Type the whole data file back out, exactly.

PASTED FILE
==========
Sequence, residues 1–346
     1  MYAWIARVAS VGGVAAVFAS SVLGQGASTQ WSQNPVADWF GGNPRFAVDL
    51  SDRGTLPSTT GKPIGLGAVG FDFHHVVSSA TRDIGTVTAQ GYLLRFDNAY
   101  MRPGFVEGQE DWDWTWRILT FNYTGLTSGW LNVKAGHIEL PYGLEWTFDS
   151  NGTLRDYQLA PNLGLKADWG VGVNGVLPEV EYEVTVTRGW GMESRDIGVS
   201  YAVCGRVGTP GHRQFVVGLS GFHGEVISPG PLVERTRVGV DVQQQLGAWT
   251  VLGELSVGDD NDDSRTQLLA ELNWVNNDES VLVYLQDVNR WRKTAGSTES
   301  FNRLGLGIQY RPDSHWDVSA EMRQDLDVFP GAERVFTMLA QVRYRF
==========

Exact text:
Sequence, residues 1–346
     1  MYAWIARVAS VGGVAAVFAS SVLGQGASTQ WSQNPVADWF GGNPRFAVDL
    51  SDRGTLPSTT GKPIGLGAVG FDFHHVVSSA TRDIGTVTAQ GYLLRFDNAY
   101  MRPGFVEGQE DWDWTWRILT FNYTGLTSGW LNVKAGHIEL PYGLEWTFDS
   151  NGTLRDYQLA PNLGLKADWG VGVNGVLPEV EYEVTVTRGW GMESRDIGVS
   201  YAVCGRVGTP GHRQFVVGLS GFHGEVISPG PLVERTRVGV DVQQQLGAWT
   251  VLGELSVGDD NDDSRTQLLA ELNWVNNDES VLVYLQDVNR WRKTAGSTES
   301  FNRLGLGIQY RPDSHWDVSA EMRQDLDVFP GAERVFTMLA QVRYRF